“Network Coding and Its Implications on Optical Networking”
This was an invited talk by Muriel Médard, from the MIT. Some notes:
1. Multicast capacity can be achieved with network coding. Minimum cost multicast is possible by allowing coding.
2. What about achieving the network coding advantage by coding only a subset of nodes? Cost of doing in every node would be prohibitive…
3. Some interesting paper on this topic: “Information-theoretic framework for network management for recovery from non-ergodic link failures” (Ho, Medard, etc.), “Concept of 1*N protection that uses network coding over p cycles”, Kamal 2006
4. Other interesting paper: Menendez and Gannett, 2008, show that network coding can lead to significant savings in back up resources by allowing coding. Only bitwise XOR is considered as it can be handled in the optical domain (in the electronic domain we don’t have this limitation, but the problem is that we need OEO conversion…).
5. Her group has showed that it’s possible to have benefits of coding even without having all nodes doing it.
6. Finally another paper with an evolutionary approach (Infocom 07) to minimise coding cost (number of coded lambdas).
All this network coding stuff could be of interest for multicast…
“CAPEX and OPEX in Aggregation and Core Networks”
This was yet another invited talk by Claus Gruber, Nokia. Some notes:
1. From the slides: “Video services will drive exponential growth… especially from IPTV”.
2. Revenues and traffic were usually correlated, but they are now being more decoupled. So we have maintained the network costs low… otherwise were done.
3. How to reduce CAPEX? Some examples: a) transport bits on the lowest level – it’s cheaper, b) the network should be automated, by using GMLS as control plane and path computation elements, c) use virtualisation techniques to enable fast cost efficient deployment of new services, d) optimal mix of intermediate grooming and routing and transport bypass.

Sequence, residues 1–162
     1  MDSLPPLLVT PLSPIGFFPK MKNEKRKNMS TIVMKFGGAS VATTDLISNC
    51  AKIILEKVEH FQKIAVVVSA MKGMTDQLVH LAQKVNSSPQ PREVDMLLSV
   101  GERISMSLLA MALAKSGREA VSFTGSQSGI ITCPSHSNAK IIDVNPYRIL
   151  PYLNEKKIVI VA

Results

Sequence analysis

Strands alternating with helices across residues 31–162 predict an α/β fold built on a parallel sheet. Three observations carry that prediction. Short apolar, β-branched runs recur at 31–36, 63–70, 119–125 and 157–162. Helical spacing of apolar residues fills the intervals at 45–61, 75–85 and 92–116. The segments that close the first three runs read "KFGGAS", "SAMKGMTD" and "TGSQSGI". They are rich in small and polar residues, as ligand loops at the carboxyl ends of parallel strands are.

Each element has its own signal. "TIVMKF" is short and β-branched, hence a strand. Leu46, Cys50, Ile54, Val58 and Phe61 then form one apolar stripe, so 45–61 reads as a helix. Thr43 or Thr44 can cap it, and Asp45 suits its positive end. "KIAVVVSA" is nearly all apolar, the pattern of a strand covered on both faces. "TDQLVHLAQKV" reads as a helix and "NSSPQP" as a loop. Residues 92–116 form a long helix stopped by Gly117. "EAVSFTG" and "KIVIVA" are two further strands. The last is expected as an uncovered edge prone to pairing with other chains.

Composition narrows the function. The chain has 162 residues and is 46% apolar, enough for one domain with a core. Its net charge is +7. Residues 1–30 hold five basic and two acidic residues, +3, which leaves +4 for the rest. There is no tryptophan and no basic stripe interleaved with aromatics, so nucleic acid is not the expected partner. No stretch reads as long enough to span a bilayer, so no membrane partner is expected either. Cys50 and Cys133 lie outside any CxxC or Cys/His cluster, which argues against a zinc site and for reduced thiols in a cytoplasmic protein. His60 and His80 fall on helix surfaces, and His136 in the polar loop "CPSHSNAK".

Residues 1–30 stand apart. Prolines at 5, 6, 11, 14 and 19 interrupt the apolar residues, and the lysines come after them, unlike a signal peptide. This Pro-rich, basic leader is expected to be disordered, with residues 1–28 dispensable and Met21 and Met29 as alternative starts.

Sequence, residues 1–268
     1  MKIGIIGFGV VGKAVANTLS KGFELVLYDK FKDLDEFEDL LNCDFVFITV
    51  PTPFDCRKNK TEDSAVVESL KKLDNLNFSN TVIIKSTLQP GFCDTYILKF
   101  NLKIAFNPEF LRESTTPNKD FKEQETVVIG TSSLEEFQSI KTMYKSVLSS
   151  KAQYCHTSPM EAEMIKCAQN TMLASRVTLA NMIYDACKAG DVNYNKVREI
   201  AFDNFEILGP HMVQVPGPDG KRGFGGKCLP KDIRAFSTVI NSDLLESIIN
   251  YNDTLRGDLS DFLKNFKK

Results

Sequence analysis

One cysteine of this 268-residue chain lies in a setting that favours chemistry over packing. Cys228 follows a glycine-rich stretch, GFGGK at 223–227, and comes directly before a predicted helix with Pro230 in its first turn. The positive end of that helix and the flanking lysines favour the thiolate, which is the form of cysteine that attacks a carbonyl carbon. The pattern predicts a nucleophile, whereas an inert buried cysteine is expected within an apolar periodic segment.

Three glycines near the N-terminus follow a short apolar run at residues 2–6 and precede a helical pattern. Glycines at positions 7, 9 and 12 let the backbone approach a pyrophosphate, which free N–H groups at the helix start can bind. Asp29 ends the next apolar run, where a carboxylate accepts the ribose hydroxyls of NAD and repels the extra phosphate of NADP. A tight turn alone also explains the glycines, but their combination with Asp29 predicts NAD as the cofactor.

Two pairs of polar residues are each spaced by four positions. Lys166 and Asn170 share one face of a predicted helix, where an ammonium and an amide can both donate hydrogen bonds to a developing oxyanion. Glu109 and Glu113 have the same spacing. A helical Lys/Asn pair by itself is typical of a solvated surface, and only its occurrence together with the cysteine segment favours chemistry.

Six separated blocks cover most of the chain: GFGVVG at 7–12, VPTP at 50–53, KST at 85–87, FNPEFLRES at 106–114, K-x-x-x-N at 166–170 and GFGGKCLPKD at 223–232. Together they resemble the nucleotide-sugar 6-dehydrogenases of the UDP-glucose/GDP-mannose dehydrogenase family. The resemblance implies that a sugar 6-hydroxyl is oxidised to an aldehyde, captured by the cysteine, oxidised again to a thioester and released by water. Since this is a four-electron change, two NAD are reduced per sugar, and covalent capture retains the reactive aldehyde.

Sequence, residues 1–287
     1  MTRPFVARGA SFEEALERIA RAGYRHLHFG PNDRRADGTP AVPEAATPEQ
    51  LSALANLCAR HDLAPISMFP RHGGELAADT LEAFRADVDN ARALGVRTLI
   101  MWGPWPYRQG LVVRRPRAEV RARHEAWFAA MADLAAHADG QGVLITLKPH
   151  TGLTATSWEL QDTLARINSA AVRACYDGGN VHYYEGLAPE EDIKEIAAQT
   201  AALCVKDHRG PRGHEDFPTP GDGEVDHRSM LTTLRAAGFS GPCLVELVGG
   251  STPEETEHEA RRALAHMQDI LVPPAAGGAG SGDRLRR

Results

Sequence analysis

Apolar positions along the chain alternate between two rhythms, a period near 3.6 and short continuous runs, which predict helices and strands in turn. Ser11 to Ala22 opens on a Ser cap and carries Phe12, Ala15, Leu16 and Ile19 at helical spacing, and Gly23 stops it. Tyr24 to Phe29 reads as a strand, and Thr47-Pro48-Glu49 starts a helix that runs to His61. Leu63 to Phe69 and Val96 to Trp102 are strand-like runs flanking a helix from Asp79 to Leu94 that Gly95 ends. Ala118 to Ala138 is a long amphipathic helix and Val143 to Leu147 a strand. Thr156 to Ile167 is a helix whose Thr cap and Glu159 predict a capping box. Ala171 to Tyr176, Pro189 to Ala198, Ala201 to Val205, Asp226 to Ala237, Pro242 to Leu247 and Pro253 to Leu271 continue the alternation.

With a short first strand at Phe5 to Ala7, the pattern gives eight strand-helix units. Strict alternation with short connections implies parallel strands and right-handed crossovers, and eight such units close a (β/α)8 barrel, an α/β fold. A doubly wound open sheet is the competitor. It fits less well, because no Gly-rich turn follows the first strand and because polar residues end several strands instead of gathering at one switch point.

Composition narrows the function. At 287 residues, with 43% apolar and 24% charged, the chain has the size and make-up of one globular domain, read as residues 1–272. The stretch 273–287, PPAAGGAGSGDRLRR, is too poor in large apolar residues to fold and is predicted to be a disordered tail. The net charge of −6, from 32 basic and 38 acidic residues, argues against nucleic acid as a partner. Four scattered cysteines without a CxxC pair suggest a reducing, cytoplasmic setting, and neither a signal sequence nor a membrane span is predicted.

4. How to reduce OPEX? Reduce energy consumption. Internet technologies represent 1 to 4% of energy consumption today…
5. IP/MPLS routers consume more power (1kW /100Gbps). Next in the list L2 switches, followed by SDH nodes, and finally ROADM nodes…
6. Extend traffic engineering decisions with energy profile info. Try to find paper “Energy profile aware routing”. I think this guy stole my idea in this paper… OK, he was first! :) But making routing “green” seems a good thing, and it’s a hot topic definitely.
“Architectures for Energy-Efficient IPTV Networks”
Jayant Baliga presented a paper with a new energy consumption model of IPTV storage and distribution (IPTV in his talk was VoD). Some notes:
1. Energy becoming an issue – OPEX, greenhouse gases. He focused on video delivery over public internet.
2. Some notes on power consumption: ethernet switch – 9 nJ/b, Broadband net gw (140 nJ/b), router (26 nJ/b). Core net: core router (17 nj/b), optical OXC (0.02 nJ/b). Data center: edge router (26 nJ/b), server (430nJ/b). Etc.
3. Packets traverse an average of 13 hops (3 hops metro + 9 on core + 1 data centre).
4. They check how many data centres they should use. The conclusion is that unpopular movies would stay in few data centers, say 1 or 2, but a very popular one would stay in several – he said 200 was a good number.
5. Optical bypass reduces power consumption.
6. P2P is efficient at low downloads per hour (unpopular content), but for high demand content is not efficient at all (due to upstream speeds being low).
“Power Saving Architectures for Unidirectional WDM Rings”
Another paper by our colleagues from
1. Are multihop architectures able to offer a reduction of OPEX (they reduce CAPEX)?
2. They have analysed power savings… and used ILP for this. These are the values they used (from work published recently): power of electronic interfaces = 197mW, power of optical interfaces = 189mW.
Main problem: it is an ILP formulation, so not scalable. Heuristics needed… maybe we can collaborate with them again? :)